On May 24, 2020, I saw the front page of The New York Times: “U.S. NEARS 100,000 DEATHS, AN INCALCULABLE LOSS” followed by a rolling list of names. I was moved, especially by the word incalculable, as if this senseless death toll was beyond what we could comprehend. In some macabre sense, it felt like a milestone: incalculable, the peak of loss before the valley. 

My twin brother, Leo, and I received a call from our family friend, Sarah Bryce. She had an idea to pitch to us. The Times’ entire front page could fit only so many names on it, meaning the layout could only partially capture the sheer number of deaths. She suggested we create a mural of the front page which would fill a whole wall to show what incalculable really looks like. So Leo and I made it happen. We went to a local FedEx store in Durham and copied a few hundred of the newspaper print covers, made some wheat paste on the stove, bought some rollers, put on our overalls, and went down to the Free Expression Wall at Duke University. Within a few hours, with masks covered with wheat-watery glue and glasses all fogged up in the sticky spring evening, the mural was done. Leo climbed up the wall and wrote in black spray paint: “100,000 LIVES.” Then we took a picture with Sarah standing in front of it—but six feet away from us, socially distanced. 

As the days passed, some press followed and the image was posted and reposted across Twitter. We were on the local news channel, we were written about in the local paper, a few New York Times writers reposted it, and then it was over. We expected the covers to peel off into the road and that it would be painted over by another artist. 

But instead, the mural has become almost an interactive art space for the moment. I remember after George Floyd was murdered on May 25, my brother and I biked to a protest in Downtown Durham. We swung by the mural and saw gold-dripping graffiti written across the pages: “POLICE STATE BURN.” Then a month later: “THE BLOOD IS ON HIS HANDS.” And then, as more months passed and the death count mounted, someone came and crossed the “1” and replaced it with a “2,” then the “2” with a “3,” and then the “3” with a “4.” Just this past week, the “4” was crossed through and now there is a “5”. Maybe the “5” will even become a “6”—I hope not, but who really knows? 

It is true—a new future may be coming. With more hope and more joy. Perhaps we can sit together at a table, enjoy a meal, and smile when, 15 years from now, our children will ask, “How did you do it? How did you keep going?” I want to be able to answer that we did it through the expression of art, or through family, or through love, or through something that fits nicely in a narrative. And while that is all, of course, true, I think fundamentally it is something a bit more simple and sad: we were forced to look at this unfathomable loss of life directly in the face because to turn away from it would be a disservice to more than half a million Americans (and still counting) who died, and to ourselves. We read the names, we hear the voices, and we cry about the artists and family members and long-time lovers who will never make art again or sit at a table again or love again. It is mourning what we have personally lost: perhaps a friend, perhaps a family member, evenings of lightness, meals with grandparents, the college or high school experience, holidays we will never get back, days and months we won’t regain. It is staring into the darkness of what we have learned from this time: we live in a system that doesn’t serve or protect most people, especially people of color. We are servants of nature—no matter what, we cannot crush it into submission—and we are mortal: dying, breathing, and scared. I am proud of you. You should be proud of yourself. You haven’t survived this nightmare yet but you are surviving now. You are surviving. And you are in mourning.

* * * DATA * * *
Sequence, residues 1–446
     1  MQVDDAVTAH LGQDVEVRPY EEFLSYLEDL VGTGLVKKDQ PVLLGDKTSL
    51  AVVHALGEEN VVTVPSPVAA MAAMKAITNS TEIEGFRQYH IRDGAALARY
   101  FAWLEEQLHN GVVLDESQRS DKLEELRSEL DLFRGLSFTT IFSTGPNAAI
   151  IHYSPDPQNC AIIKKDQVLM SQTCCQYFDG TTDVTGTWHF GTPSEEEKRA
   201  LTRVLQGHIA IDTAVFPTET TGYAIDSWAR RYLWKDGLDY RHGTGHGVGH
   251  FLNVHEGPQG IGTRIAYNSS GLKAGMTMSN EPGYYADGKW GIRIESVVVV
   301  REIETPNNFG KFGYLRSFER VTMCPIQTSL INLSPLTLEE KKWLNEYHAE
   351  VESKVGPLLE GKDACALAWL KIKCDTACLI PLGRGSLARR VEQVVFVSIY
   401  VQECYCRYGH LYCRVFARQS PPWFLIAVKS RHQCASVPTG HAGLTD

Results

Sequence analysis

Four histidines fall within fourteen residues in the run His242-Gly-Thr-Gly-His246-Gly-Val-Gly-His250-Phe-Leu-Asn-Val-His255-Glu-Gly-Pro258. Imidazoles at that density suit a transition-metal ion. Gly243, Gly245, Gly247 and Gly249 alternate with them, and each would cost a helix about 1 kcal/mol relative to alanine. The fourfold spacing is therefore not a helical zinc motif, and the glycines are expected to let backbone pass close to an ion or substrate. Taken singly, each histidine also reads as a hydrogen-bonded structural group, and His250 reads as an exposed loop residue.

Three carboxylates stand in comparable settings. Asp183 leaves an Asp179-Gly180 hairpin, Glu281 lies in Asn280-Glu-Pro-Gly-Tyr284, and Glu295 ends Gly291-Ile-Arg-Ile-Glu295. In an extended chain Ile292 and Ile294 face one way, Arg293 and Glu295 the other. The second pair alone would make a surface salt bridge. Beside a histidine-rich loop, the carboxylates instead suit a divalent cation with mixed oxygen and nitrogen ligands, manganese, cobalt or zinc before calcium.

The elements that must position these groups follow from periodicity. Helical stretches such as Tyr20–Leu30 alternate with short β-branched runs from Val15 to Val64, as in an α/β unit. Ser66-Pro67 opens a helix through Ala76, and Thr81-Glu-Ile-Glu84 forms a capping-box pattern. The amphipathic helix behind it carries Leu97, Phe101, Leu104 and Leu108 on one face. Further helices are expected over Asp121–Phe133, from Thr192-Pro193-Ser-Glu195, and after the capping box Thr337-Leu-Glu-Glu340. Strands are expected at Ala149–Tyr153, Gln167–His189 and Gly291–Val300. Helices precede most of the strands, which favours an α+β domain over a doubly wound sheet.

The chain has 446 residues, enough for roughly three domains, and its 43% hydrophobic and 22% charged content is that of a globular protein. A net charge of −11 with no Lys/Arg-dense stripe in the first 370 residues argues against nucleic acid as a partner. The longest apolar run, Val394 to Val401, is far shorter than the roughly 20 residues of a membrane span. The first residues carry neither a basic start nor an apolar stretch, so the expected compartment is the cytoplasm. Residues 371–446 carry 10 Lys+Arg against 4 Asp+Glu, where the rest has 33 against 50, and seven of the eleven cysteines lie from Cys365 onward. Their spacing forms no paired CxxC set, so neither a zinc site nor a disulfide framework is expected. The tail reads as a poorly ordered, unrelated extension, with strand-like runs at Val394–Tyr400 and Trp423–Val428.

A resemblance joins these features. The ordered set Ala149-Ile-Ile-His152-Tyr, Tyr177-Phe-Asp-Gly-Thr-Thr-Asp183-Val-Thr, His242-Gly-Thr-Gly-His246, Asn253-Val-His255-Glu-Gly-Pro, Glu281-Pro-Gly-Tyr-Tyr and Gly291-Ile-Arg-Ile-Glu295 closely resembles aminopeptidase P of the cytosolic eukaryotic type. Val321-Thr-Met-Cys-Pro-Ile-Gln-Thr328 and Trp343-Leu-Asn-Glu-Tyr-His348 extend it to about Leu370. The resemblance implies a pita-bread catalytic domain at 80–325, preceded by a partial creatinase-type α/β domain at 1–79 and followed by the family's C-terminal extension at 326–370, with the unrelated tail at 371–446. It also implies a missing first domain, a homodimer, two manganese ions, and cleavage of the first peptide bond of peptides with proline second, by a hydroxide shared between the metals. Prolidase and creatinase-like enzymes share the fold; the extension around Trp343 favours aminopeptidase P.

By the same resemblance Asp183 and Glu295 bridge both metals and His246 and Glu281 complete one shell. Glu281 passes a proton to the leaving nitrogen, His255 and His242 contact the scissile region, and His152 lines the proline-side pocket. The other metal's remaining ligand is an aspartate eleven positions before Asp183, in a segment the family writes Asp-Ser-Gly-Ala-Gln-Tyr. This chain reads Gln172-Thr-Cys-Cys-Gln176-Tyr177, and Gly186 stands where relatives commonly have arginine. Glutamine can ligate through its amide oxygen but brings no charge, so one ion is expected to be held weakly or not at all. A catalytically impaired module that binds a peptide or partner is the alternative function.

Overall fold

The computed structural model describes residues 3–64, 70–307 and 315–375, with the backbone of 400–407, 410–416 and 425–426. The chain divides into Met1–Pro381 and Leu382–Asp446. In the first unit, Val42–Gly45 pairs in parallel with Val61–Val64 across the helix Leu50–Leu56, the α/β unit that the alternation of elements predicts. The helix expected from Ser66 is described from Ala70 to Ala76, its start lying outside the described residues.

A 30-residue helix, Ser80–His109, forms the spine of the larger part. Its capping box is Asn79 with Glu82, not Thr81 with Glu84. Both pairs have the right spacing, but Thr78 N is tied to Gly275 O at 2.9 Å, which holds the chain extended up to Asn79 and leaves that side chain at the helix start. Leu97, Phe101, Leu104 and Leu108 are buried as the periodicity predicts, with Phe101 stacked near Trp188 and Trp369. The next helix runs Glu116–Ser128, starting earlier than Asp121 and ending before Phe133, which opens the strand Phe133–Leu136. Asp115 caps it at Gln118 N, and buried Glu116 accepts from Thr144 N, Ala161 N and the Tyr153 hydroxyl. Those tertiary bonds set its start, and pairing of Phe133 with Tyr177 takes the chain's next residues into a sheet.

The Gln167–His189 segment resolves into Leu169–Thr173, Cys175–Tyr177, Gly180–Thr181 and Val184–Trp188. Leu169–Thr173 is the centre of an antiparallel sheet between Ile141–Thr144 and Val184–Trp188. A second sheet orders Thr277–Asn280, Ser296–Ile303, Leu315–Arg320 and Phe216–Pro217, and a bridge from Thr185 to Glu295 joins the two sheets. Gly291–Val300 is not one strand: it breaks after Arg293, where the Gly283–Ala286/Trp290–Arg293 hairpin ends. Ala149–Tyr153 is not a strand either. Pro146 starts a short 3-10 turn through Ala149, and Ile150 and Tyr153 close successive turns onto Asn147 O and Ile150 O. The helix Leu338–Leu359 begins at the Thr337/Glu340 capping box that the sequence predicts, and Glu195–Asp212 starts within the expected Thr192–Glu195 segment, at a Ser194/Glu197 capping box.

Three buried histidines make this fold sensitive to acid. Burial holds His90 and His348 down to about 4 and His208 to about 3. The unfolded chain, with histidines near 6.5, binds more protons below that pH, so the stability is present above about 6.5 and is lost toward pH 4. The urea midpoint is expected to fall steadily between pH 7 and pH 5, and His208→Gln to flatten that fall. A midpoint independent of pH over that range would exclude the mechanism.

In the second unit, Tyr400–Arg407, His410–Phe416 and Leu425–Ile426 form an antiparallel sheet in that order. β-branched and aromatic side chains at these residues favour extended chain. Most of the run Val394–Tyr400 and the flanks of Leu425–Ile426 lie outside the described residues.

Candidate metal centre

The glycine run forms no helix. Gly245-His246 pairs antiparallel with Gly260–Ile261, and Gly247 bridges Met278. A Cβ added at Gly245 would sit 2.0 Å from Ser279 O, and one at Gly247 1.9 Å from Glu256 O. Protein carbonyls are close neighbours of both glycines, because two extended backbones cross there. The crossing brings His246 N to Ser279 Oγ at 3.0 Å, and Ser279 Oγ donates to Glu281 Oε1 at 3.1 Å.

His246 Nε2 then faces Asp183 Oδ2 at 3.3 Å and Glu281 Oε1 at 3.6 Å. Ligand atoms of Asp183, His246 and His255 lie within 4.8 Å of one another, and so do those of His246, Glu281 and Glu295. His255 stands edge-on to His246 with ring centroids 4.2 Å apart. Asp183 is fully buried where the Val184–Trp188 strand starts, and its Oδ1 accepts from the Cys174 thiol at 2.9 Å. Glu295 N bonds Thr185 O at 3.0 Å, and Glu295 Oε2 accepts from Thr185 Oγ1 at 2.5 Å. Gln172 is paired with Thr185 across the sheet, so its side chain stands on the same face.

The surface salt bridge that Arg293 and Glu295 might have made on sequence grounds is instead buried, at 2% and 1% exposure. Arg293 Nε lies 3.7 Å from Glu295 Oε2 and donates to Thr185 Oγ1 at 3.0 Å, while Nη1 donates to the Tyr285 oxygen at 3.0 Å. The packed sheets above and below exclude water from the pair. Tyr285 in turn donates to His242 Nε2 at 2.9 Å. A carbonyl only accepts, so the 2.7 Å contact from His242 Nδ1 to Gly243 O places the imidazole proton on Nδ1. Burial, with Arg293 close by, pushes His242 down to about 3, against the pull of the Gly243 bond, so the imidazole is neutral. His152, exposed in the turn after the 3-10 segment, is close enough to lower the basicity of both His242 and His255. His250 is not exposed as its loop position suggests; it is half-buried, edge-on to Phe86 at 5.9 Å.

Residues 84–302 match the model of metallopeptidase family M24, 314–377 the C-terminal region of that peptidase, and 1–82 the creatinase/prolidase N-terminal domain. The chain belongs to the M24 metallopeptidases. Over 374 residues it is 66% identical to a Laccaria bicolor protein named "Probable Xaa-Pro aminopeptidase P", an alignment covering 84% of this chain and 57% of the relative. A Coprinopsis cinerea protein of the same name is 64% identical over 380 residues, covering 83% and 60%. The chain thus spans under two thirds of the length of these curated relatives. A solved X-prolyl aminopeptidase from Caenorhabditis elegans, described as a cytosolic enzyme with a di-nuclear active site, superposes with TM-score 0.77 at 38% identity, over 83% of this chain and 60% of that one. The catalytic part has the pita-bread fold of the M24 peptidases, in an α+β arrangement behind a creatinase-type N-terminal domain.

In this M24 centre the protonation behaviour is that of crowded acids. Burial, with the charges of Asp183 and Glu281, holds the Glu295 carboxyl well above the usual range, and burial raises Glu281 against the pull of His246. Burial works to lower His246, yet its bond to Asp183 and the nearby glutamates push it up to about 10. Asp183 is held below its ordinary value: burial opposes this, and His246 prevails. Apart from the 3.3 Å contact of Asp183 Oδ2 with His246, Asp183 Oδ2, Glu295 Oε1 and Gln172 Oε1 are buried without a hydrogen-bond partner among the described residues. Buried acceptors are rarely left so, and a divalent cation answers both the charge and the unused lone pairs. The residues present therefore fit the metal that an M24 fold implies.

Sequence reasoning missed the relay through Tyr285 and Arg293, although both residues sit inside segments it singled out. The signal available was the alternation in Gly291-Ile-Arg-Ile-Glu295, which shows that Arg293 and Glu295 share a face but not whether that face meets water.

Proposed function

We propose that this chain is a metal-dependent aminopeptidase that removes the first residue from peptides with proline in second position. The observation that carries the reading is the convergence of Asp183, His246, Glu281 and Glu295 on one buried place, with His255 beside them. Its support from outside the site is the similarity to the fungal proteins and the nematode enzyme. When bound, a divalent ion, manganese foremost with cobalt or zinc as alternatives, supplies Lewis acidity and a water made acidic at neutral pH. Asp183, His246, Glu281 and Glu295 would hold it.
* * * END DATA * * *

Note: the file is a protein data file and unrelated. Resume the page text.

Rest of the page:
Today, the pages we posted close to a year ago are now covered in red paint and peeling off the wall. 

You can still read a few of the names: 

Alan Finder, 72, Ridgewood, N.J., unflappable New York Times journalist.

Eastern Steward Jr., 71, Annapolis, Md., veteran with a gift for peacemaking.

Donald Raymond Haws, 88, Jacksonville, Fla., administered Holy Eucharist to hospital patients.

The mural would be five times as big as it was back in May of last year. Lots of stories and lives lost since then. Incalculable: then and now.

Oliver Egger is a sophomore at Wesleyan University currently studying remotely in Brooklyn. He is from Durham.

Comment on this story at backtalk@indyweek.com

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